Belfast has scars from the Troubles days. Scars as the seventeen sectors separated by walls even today in some areas of the city closings doors at six o'clock in the evening.
But not all scars lack a certain charm. Also stays hundreds of political content paintings that fill the townhouses rows sides in working-class neighbourhoods. From both factions. The habitude, though scarce, was at first loyalist, and dates from the early twenties of the last century. Protestant Unionists liked remembering the Battle of the River Boyne in 1690. Obviously because King William III emerged triumphant on the Catholic James II with the subsequent control of Ireland by England. It happened one July 12, date when loyalists parade with bands, bowler hats and any other Orangeman paraphernalia, and whenever possible, that is, always, through any Catholic neighbourhood, preferably Garvaghy Road in Portadown, where parallel to the Protestant custom of parading is added the Catholic tradition to stone who parade. Traditions. King Billy, as he’s affectionately called, often wears her equestrian figure in Northern Irish Protestants walls. It is a theme that becomes popular even wielding a gun pointing to a tombstone.
Curiously, it wasn’t at the start point of the sixties riots when mural paintings popularity began. In fact, nationalist Catholics had no tradition until in the late seventies hunger strikes initiated the launch of the graffiti. A group of nationalist convicts rebelled against the withdrawal of special category for political prisoners by the British Government refusing to wear prison uniform that equated to common criminals. In 1981, ten prisoners, who included Bobby Sands, who was elected to parliament during the strike, died in the Maze prison. Supporting mural for the strikers multiplied that spring and summertime and also appeared those supportive of the Irish Republican Army (IRA). These showed militants dressed in their uniforms, masked and exhibiting their automatic weapons. Unionist answer consisted in the proliferation of similar wall paintings, so similar that differed only by the initials and symbols that accompanied them, not on masks. Union Jacks, flags with the cross and the red hand of Ulster and the six-pointed star representing the six counties flourished in unionist Belfast working class neighbourhoods as Little London between Shankill Parade and Hopewell Crescent.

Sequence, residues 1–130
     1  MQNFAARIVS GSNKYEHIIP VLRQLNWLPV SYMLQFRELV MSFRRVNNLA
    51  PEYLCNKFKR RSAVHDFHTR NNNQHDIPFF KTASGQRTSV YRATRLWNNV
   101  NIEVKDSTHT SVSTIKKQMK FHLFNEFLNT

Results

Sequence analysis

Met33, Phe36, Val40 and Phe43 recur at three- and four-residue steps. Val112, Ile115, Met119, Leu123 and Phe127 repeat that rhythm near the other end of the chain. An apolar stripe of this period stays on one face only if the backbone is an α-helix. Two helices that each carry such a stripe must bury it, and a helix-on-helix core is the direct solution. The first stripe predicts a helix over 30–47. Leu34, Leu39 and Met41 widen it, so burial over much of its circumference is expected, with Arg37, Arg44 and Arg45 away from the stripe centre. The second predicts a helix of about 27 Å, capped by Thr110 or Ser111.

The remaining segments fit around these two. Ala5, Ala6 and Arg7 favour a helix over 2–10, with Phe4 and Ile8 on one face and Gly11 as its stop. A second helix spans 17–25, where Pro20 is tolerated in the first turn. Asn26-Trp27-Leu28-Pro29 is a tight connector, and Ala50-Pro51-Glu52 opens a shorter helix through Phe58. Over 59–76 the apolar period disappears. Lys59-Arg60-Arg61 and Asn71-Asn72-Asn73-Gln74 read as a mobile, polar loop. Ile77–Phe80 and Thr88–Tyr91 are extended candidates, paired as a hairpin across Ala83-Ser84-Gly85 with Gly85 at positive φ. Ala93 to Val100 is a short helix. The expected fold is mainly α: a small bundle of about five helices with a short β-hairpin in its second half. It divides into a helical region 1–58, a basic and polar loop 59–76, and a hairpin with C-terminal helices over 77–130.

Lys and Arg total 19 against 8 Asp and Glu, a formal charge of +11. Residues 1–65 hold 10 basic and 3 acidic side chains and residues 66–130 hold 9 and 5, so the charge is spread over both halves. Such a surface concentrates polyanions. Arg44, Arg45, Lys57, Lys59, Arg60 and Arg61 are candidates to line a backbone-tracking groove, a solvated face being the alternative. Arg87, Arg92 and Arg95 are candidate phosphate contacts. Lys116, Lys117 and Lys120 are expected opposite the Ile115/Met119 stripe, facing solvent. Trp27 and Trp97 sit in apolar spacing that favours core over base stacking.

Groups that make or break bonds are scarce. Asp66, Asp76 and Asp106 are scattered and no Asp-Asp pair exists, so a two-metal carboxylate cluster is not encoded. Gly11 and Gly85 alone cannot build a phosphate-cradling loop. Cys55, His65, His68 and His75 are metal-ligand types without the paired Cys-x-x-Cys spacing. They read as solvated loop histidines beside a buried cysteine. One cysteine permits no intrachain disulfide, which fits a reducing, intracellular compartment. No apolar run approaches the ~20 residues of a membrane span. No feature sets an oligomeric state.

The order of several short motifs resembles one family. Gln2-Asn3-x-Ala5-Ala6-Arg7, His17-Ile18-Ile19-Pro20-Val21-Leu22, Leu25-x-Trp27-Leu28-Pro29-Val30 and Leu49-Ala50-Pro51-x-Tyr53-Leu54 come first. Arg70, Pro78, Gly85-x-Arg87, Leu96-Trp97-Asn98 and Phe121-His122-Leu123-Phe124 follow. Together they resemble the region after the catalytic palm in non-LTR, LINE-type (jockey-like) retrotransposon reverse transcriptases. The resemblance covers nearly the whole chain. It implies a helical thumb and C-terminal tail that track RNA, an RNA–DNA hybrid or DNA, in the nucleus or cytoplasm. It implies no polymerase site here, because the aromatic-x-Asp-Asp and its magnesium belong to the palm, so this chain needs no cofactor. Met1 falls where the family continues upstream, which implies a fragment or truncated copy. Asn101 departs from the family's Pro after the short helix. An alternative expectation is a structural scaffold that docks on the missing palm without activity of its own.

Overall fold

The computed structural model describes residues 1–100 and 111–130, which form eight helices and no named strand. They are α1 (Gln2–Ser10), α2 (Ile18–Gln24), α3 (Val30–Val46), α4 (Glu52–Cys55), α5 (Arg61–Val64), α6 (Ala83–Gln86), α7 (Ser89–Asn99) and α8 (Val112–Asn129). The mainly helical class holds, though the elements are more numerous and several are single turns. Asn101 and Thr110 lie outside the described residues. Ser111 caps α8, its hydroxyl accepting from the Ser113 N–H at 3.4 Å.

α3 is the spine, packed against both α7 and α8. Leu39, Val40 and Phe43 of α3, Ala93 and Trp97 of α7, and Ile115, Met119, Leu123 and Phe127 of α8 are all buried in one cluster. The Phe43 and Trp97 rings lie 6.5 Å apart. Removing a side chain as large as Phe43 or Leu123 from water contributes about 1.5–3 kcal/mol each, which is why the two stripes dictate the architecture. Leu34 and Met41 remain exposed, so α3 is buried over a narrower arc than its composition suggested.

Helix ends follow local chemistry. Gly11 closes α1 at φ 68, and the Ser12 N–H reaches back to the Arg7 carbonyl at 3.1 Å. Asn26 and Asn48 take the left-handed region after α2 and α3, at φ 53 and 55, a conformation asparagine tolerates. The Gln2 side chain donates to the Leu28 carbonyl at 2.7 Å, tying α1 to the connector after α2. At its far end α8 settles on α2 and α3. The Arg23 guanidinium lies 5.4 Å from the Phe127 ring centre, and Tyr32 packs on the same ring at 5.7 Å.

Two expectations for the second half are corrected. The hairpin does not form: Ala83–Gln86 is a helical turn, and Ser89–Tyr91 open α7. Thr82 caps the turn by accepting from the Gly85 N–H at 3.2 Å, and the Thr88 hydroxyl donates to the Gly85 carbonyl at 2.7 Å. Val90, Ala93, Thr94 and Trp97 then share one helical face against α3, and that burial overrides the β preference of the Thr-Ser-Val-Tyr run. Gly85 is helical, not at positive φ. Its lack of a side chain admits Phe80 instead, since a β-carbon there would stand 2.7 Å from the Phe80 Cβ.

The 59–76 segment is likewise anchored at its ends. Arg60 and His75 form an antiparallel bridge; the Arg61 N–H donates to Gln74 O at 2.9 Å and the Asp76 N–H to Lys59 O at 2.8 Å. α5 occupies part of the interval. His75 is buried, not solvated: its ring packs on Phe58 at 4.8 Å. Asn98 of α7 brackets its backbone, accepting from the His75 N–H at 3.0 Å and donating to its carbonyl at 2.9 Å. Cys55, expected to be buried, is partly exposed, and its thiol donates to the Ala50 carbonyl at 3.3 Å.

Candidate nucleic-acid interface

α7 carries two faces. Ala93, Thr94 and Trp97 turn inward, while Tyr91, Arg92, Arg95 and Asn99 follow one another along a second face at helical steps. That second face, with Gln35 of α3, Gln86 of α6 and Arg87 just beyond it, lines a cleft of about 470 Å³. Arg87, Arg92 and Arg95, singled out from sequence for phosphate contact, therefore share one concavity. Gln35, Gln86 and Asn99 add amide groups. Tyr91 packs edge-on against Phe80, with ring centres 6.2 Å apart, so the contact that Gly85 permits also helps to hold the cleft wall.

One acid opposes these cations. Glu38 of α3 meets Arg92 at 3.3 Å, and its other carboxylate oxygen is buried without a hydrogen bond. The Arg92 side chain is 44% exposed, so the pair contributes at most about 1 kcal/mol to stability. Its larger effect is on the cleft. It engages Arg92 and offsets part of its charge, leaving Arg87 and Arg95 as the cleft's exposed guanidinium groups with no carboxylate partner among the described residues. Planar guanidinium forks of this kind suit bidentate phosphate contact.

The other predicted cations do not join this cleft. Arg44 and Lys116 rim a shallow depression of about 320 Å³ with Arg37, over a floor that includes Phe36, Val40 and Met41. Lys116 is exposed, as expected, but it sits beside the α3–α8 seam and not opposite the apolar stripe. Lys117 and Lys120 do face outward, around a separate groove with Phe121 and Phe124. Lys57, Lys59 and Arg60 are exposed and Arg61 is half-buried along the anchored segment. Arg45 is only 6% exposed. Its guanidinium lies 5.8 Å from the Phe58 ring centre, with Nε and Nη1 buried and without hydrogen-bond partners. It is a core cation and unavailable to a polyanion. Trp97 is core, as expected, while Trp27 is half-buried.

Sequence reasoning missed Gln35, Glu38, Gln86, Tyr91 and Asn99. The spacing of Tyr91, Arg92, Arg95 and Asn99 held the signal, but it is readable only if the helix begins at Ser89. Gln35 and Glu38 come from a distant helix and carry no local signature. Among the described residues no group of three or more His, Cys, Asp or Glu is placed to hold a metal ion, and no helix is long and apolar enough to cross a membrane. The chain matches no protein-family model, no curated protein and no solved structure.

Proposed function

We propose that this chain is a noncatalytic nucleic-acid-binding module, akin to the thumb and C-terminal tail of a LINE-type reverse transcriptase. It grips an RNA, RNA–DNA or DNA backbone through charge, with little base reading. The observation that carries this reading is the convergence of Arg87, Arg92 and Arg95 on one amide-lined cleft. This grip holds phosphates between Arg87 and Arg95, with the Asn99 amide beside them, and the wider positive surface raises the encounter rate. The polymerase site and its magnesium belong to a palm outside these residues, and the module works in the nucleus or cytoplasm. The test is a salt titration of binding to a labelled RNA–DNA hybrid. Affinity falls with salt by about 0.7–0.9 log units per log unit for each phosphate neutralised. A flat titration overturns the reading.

Both sides mystified the cause and paramilitary organizations: Provisional Irish Republican Army and other republican and loyalist variants Ulster Freedom Fighters, Ulster Volunteer Force, Loyalist Volunteer Force. Both also glossed their fallen. In the beginning paintings were not lasting often reused by the authors painting new designs or new messages. Also, because the opponents or the security forces stained murals with bags of paint. This proved they were effective and that the message was annoying. An incentive to do it again.
In Derry, one of the first republican murals, although not overly pictorial at all, merely stating the territory: You are now entering Free Derry, in Lecky Road, marking the entrance to the Catholic Bogside district, at the foot of the walled city. Soon this would be replied in Belfast with a plain You are now entering Loyalist Sandy Row, a unionist neighbourhood. In Derry’s Bogside have remained some of the most representative murals of the period. The most elaborate belong to the group that was eventually called The Bogside Artists. From the castle, behind the wall’s parapet, can be appreciate the activist Bernadette Devlin addressing to demonstrators with a speaker in what was called the Battle of the Bogside. Devlin was sentenced to six months in prison. A few steps away is the mural dedicated to a Molotov cocktails pitcher during the 1969 riots when Ulster constabulary tried to dismantle the barricades at the way into the neighbourhood. And the one dedicated to Annette McGavigan shot dead by British Army on 6 September 1971, when he was fourteen. This was titled Death of Innocence. There are also those devoted to January 30, 1972, the Bloody Sunday, which killed thirteen people by army gunfire during a march for civil rights, six around Rossville Street barricade.
On 31 August 1994, the IRA declared a complete ceasefire, and the 1998 Good Friday peace agreements were signed, but unfortunately even more civilians had to die. The stockpile decommissioning would not occur until July 2005. Mural paintings topics incorporated speeches with references to the peace process and the efforts for peace and tolerance. More recently nonviolence and participation are becoming an increasingly popular subject, as in Lower Shankill in Belfast where reads Nothing about us without us is for us... made with hundreds of small pictures trying to generate positive images as part of the Arts Council of Northern Ireland communities’ redesign.
Years of unrest have left behind about two thousand murals. They have been transformed in a tourist attraction that allows reading Northern Ireland recent history. Absolutely recent.